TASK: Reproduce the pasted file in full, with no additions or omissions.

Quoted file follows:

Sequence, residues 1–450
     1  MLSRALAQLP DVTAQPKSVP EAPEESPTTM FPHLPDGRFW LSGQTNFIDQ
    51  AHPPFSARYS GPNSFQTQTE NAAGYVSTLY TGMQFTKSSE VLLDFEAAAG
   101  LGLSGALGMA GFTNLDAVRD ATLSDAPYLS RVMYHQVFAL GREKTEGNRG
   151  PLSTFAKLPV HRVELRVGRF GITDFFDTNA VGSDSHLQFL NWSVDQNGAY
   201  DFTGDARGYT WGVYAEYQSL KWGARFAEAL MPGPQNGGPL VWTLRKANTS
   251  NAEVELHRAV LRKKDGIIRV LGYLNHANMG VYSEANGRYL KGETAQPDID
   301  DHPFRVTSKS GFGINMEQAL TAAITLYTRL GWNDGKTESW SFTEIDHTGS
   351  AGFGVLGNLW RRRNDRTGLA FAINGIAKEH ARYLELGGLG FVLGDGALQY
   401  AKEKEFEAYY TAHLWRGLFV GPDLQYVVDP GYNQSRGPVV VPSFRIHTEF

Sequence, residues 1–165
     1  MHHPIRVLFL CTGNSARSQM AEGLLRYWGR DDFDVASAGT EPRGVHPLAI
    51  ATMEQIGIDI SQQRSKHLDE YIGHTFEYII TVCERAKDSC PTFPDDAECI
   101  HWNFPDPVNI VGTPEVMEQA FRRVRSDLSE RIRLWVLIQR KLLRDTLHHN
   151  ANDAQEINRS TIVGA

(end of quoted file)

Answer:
Sequence, residues 1–450
     1  MLSRALAQLP DVTAQPKSVP EAPEESPTTM FPHLPDGRFW LSGQTNFIDQ
    51  AHPPFSARYS GPNSFQTQTE NAAGYVSTLY TGMQFTKSSE VLLDFEAAAG
   101  LGLSGALGMA GFTNLDAVRD ATLSDAPYLS RVMYHQVFAL GREKTEGNRG
   151  PLSTFAKLPV HRVELRVGRF GITDFFDTNA VGSDSHLQFL NWSVDQNGAY
   201  DFTGDARGYT WGVYAEYQSL KWGARFAEAL MPGPQNGGPL VWTLRKANTS
   251  NAEVELHRAV LRKKDGIIRV LGYLNHANMG VYSEANGRYL KGETAQPDID
   301  DHPFRVTSKS GFGINMEQAL TAAITLYTRL GWNDGKTESW SFTEIDHTGS
   351  AGFGVLGNLW RRRNDRTGLA FAINGIAKEH ARYLELGGLG FVLGDGALQY
   401  AKEKEFEAYY TAHLWRGLFV GPDLQYVVDP GYNQSRGPVV VPSFRIHTEF

Sequence, residues 1–165
     1  MHHPIRVLFL CTGNSARSQM AEGLLRYWGR DDFDVASAGT EPRGVHPLAI
    51  ATMEQIGIDI SQQRSKHLDE YIGHTFEYII TVCERAKDSC PTFPDDAECI
   101  HWNFPDPVNI VGTPEVMEQA FRRVRSDLSE RIRLWVLIQR KLLRDTLHHN
   151  ANDAQEINRS TIVGA